Mozambique’s rapid deployment of a functional eVisa programme has demonstrated the country’s resolve to stimulate tourism, and should be a catalyst for neighbouring countries to act with the same urgency, according to industry experts.
President Felipe Nyusi announced the roll-out of the eVisa platform in August 2022, as part of a package of economic stimulus measures (including additional visa reforms). By December, the system had been launched. Despite still experiencing some teething problems, the system had, by late February, already processed 6 700 applications, with an average reported turnaround time of around 24 hours.
“We commend the will and urgency with which the Mozambique government has implemented the system. It demonstrates that government is serious about increasing the number of visitors to the country and taking action to do so,” said business development expert, Cordelia Masher, co-founder of Destination Mozambique.
Masher encouraged any travellers who had experienced problems with the system to report them to Destination Mozambique so that the issues could be taken up with government.
“It’s important to recognise that the system is still in its infancy. So we want to address any issues that may be hampering the eVisa from being as efficient and impactful as it can be. There is no doubt that it has started to help solve the struggles around visa processing, which have historically been a major deterrent to tourism to Mozambique,” said Masher.
The economic stimulus package also includes an expanded list of countries added to the country’s visa waiver regime. The measure has already been approved by legislation and is set to take effect by as soon as April.
“Other African countries can certainly take a leaf out of Mozambique’s book,” said Masher.
South Africa should take note
The lack of a functional eVisa programme has been a major frustration for the tourism sector in South Africa. Industry-leading bodies including FEDHASA, SATSA and the Tourism Business Council of South Africa, along with leading hotel groups, tour operators and tourism experts, have long bemoaned the lack of urgency in rolling out the system.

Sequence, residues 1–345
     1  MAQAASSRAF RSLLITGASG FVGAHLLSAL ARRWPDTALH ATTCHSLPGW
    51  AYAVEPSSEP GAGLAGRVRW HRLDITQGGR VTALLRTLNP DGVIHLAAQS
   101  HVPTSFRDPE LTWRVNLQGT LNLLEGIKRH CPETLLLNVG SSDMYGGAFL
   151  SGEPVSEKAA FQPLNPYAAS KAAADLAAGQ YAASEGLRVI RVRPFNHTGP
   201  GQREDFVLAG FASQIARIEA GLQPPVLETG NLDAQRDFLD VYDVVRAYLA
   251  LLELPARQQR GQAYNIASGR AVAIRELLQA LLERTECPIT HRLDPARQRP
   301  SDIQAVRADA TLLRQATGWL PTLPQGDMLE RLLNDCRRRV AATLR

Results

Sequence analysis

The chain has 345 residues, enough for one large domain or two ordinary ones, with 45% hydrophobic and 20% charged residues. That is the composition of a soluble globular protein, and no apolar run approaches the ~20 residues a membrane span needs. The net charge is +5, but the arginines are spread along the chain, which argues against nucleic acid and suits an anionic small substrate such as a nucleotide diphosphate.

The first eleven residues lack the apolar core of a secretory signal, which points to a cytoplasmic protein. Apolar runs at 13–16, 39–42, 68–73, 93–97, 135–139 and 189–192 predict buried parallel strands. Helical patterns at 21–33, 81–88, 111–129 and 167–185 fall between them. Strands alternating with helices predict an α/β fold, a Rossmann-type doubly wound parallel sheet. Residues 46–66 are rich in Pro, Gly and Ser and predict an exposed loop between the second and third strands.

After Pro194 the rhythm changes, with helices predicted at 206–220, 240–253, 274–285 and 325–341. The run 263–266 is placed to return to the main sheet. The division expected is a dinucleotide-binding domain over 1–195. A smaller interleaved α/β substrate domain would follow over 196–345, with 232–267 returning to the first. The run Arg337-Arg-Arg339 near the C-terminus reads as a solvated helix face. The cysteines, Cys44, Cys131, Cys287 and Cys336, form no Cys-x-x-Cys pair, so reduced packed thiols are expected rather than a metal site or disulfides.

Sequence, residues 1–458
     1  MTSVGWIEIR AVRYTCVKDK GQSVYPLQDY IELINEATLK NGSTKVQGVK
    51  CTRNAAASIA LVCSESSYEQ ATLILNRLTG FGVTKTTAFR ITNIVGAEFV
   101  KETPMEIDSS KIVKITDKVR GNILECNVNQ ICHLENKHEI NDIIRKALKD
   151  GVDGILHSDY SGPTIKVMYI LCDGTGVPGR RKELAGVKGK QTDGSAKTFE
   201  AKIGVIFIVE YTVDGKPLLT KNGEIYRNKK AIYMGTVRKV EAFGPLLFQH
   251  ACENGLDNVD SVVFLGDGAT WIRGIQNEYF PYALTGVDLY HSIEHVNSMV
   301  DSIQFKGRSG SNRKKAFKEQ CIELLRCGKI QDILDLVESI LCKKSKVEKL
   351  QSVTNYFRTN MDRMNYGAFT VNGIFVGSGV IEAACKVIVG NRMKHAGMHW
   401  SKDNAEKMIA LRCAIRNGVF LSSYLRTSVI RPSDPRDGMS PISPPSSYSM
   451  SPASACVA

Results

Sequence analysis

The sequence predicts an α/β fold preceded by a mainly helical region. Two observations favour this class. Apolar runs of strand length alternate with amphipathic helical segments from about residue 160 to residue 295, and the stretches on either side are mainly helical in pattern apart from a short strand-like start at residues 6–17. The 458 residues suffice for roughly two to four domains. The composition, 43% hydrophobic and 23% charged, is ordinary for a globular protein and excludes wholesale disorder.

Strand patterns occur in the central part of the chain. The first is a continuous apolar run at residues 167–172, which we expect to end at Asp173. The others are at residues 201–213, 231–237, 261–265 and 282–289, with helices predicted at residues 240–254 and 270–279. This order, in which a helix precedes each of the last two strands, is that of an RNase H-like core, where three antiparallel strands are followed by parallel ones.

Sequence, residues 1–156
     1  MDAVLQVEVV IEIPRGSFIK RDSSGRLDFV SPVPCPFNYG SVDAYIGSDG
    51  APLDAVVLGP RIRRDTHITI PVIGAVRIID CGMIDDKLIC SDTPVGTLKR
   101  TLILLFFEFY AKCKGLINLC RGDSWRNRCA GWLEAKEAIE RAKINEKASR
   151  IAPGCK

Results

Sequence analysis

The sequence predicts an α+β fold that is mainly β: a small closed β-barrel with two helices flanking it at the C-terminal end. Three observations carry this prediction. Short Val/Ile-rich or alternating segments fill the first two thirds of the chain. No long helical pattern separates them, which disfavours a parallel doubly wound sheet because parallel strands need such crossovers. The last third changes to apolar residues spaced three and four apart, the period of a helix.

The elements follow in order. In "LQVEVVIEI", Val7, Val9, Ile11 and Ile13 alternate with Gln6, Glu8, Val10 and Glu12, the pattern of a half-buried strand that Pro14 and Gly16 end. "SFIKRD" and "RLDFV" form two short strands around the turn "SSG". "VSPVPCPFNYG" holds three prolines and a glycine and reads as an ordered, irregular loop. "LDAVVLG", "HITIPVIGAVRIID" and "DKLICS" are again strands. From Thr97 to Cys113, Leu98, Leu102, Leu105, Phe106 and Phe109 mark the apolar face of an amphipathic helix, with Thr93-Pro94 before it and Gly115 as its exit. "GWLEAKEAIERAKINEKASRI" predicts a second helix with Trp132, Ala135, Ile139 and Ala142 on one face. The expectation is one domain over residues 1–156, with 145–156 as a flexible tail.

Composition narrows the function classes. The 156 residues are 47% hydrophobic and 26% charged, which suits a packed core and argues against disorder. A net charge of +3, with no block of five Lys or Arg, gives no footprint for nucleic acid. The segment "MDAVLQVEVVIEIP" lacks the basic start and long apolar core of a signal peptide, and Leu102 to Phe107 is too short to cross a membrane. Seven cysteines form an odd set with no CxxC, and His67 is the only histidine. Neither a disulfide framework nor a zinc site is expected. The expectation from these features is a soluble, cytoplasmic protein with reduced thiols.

“Promises to fast-track the eVisa process have been coming from the Department of Home Affairs (DHA) for many years, but it is evident that there is little will or urgency to do this,” said Gillian Saunders, an independent tourism and hospitality adviser.
President Cyril Ramaphosa has also repeatedly promised to fast-track the eVisa implementation, stating in his February 2021 State of the Nation Address that the country “will undertake a full roll-out of eVisas to visitors from China, India, Nigeria, Kenya and 10 other countries”.
In the same month, Saunders provided inputs to the Presidency and National Treasury on the progress and recommendations on enhancing South Africa’s visa regime, after visa reforms were included under Operation Vulindlela – a set of crucial structural reforms needed to recover the COVID-stricken economy.
“We need a world-class eVisa system implemented as soon as possible and rolled out to all visa requiring countries over time, especially China, India and Nigeria. The South African eVisa system should be able to handle large volumes, should be easy to use, and should have limited documentation requirements. In its end state, it should be an intelligence-based system with a very quick turnaround for most visa issuance. And it should, as soon as possible, have interfaces in key languages, particularly Mandarin,” said Saunders in her inputs.
Saunders said that, to date, the eVisa process had not progressed past the stage of simply being an online application procedure.
“In line with best-practice, an eVisa would have a high degree of automation. In reality, what we currently have is an online application system that is still very manual in nature when it comes to processing. There is currently no plan to progress to an intelligence-based system that would allow adjudication to be completed automatically with only high-risk applications flagged for manual review,” Saunders stressed.
The Africa Visa Openness Index, a joint initiative of the African Development Bank and the African Union Commission, ranks South Africa 33rd out of 54 African countries.
Late last year, in the DHA’s latest public disclosures on visa processing, Home Affairs Minister, Aaron Motsoaledi, told Parliament that South Africa’s visa backlog stood at more than 56 500 applications, which it hoped to clear by mid-2024.